A Sikh Tailor
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An Essay by Martha Ann Overland
Sept. 28, 2001 -- Though Sikhs are a tiny minority in India, they are a very visible part of life here. Doctors, teachers and taxi drivers, they are easily identifiable by their distinctively wrapped turbans - and the symbolic daggers to fight injustice that some still carry at their sides.
The first Sikh I came to know was our tailor. He carried no dagger but rather a sewing bag that always contained just the right button and a hundred different colors of thread. He made dresses for New Delhi’s expatriate ladies but he was best known for his Halloween costumes for their children.
I was introduced to Mr. Singh when one of them said there was an opening on their list. Mr. Singh worked for a different family for each week, she explained, then he moved on to the next name. The last person on the list delivers the sewing machine to the next in line, a bit like a chain letter. She warned me he wasn’t much of a tailor but that it would’ matter. Trust her, she said.
Mr. Singh arrived on a rickety bicycle the next Monday morning. He was as ancient as his hand crank sewing machine -- which suddenly appeared on my doorstep, as promised. Mr. Singh, carrying his lunch in a little tin box, removed his shoes before he entered our house. I offered him a comfortable chair, but he preferred to sit on the floor, out of the way.
Hour after hour, Mr. Singh patiently stitched noses back on stuffed animals, fixed zippers, took in and let out hems. He seemed to having a calming influence on our normally chaotic menagerie. The children liked to be near him while he worked. They dragged out their crayons and drew pictures for him as he sewed.
Our large and rather terrifying dog also took a fancy to Mr. Singh. Every morning the dog lay in wait at the door for him to arrive. Normally this would be a method of ambush. But with Mr. Singh, it was pure adoration. Once he arrived, the dog never left his side, sleeping on the clothes he was trying to mend, with his head in his lap.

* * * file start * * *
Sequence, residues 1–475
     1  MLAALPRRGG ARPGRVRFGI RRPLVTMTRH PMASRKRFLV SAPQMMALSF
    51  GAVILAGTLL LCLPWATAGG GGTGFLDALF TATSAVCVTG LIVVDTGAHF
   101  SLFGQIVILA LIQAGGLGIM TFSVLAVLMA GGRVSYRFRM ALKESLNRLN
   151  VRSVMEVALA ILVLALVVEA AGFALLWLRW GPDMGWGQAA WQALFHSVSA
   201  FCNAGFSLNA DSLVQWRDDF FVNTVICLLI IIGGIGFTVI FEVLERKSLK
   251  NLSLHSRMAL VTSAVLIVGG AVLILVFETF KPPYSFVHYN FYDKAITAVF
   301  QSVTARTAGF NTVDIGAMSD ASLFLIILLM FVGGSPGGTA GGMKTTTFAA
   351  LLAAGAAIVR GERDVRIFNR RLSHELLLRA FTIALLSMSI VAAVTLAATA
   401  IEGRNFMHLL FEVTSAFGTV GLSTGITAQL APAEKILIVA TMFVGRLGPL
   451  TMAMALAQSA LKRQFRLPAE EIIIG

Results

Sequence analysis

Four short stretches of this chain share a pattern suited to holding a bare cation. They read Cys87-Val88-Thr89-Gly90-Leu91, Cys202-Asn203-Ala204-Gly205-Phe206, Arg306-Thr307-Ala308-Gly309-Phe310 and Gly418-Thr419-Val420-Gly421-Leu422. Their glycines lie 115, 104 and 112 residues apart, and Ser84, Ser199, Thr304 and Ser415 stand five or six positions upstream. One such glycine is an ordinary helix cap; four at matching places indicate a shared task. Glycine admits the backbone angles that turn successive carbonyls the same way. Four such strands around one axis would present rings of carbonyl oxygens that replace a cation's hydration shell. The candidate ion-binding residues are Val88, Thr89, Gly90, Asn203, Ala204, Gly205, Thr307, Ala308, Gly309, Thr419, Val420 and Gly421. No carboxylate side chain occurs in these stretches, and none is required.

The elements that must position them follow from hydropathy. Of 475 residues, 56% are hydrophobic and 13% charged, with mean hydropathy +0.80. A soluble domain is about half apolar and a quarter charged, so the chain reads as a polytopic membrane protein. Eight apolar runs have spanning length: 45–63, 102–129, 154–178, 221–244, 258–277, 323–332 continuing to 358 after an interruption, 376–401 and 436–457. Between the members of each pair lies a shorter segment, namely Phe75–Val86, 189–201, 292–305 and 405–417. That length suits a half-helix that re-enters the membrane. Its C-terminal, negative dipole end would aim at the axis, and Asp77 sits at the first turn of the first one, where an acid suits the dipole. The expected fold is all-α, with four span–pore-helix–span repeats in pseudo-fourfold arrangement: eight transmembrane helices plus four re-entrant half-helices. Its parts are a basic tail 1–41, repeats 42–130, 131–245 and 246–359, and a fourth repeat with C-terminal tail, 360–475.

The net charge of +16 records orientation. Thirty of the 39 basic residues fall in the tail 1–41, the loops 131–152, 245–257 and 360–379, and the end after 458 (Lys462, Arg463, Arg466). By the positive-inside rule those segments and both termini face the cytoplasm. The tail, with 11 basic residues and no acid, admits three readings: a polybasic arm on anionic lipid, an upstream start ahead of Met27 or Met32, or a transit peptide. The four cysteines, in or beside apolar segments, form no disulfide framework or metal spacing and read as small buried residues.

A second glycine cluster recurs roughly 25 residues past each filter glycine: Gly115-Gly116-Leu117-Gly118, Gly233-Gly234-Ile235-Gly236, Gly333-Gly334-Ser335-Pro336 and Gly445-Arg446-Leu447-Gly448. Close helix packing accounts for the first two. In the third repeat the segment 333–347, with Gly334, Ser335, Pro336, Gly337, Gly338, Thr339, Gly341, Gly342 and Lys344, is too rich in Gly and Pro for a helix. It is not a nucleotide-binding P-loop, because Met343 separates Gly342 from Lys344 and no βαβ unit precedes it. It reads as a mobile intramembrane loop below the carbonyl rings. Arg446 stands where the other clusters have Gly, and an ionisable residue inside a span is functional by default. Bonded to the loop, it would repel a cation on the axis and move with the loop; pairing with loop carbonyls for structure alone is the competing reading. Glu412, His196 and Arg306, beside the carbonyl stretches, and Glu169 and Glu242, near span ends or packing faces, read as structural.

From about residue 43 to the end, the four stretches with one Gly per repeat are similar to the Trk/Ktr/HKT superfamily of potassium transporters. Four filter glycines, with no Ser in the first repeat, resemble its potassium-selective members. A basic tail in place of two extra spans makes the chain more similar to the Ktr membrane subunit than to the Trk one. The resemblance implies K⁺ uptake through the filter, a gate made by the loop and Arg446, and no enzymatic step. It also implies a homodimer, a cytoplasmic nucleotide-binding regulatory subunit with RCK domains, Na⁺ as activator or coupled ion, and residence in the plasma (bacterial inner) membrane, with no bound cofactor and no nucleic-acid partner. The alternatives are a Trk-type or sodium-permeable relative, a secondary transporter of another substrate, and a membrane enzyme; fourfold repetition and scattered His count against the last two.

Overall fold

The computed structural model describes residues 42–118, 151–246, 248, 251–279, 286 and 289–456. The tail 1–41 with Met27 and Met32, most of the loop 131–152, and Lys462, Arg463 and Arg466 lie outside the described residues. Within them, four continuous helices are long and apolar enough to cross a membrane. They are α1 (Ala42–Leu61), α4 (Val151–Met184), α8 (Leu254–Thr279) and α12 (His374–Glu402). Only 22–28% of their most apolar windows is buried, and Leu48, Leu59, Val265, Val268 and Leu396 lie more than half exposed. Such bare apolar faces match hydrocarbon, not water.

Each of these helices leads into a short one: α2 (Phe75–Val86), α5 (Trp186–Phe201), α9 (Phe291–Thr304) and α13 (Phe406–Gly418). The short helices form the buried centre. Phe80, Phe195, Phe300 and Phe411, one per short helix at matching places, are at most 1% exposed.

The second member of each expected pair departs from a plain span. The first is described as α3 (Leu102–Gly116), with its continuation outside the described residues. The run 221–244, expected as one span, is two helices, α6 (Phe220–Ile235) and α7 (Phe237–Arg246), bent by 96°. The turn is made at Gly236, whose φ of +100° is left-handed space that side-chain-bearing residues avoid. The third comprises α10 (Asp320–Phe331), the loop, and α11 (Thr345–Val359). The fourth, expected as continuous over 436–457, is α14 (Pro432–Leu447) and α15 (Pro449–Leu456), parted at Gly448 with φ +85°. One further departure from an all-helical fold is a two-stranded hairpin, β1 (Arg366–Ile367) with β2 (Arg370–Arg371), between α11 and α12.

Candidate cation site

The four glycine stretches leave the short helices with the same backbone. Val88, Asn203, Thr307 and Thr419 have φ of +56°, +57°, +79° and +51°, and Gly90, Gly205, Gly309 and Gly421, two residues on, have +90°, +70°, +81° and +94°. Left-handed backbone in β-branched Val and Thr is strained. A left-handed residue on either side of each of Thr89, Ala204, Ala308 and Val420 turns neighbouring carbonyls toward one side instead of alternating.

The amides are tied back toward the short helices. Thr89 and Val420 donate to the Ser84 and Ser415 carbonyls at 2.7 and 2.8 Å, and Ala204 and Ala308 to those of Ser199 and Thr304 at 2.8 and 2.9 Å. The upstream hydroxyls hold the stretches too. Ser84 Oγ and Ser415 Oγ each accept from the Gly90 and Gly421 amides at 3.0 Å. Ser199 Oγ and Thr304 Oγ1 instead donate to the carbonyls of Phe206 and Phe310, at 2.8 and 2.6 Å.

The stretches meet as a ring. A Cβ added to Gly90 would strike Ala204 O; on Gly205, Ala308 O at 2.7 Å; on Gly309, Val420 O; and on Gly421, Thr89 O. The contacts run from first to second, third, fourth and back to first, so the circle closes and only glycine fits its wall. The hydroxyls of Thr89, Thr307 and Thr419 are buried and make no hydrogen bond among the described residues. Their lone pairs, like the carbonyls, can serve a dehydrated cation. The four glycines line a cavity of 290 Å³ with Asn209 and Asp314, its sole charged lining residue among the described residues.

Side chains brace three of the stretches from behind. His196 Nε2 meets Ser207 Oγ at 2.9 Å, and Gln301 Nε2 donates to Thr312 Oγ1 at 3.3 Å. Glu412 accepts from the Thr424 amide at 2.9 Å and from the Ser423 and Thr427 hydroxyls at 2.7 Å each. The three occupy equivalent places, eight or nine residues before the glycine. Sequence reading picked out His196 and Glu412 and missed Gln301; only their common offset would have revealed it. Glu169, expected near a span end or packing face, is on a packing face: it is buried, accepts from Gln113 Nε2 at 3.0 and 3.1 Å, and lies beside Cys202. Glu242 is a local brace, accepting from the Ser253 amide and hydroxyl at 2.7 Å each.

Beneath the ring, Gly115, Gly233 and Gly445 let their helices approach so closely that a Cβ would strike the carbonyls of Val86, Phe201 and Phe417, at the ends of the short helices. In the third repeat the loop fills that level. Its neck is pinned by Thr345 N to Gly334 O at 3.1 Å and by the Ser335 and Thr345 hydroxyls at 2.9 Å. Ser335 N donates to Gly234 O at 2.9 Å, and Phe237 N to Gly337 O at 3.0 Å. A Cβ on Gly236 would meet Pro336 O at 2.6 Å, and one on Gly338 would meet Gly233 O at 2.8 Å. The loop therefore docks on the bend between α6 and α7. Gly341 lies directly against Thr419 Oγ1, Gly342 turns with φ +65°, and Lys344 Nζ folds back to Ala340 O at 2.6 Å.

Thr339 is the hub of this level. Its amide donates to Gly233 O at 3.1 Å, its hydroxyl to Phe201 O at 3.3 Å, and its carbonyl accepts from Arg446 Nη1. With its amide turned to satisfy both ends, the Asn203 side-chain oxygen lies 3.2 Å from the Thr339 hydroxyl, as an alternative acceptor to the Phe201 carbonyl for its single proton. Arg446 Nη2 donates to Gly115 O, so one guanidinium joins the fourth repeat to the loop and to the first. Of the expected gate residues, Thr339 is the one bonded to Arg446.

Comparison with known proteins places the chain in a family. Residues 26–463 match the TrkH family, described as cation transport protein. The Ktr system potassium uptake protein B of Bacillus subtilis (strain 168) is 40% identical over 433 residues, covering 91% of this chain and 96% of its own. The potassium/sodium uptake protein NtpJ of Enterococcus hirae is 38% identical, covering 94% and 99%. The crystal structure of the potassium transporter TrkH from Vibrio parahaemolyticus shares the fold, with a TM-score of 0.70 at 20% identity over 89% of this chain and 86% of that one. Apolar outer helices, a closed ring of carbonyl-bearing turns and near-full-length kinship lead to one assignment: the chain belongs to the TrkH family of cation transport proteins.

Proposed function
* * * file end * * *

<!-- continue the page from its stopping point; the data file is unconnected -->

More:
Like the dog, we were on our best behavior when Mr. Singh was in the house. My husband and I didn’t argue, I didn’t yell at the children. And they didn’t whine. Mr. Singh took days to sew a single pair of pants….But we hoped it would take him forever, and that he wouldn't leave, and go on to the next family that we knew was waiting for him.
One morning, while riding his bicycle to work, Mr. Singh was hit by a car. His leg was shattered and he spent a month in the hospital. The expat wives quickly ponied up the money for the operation he needed and we covered all his expenses. To make sure he was taken care of, we’ve sent work for him to do at home.
But it never was the same. The list fell apart; the chain letter had been broken. Because what we wanted was not someone to mend our old jeans. Anyone at the market could have done that…even I could have done that! It was that Mr. Singh’s gentle presence drew us closer around him. And while he sewed, he was actually stitching us all together.
Commentator Martha Ann Overland lives in New Delhi.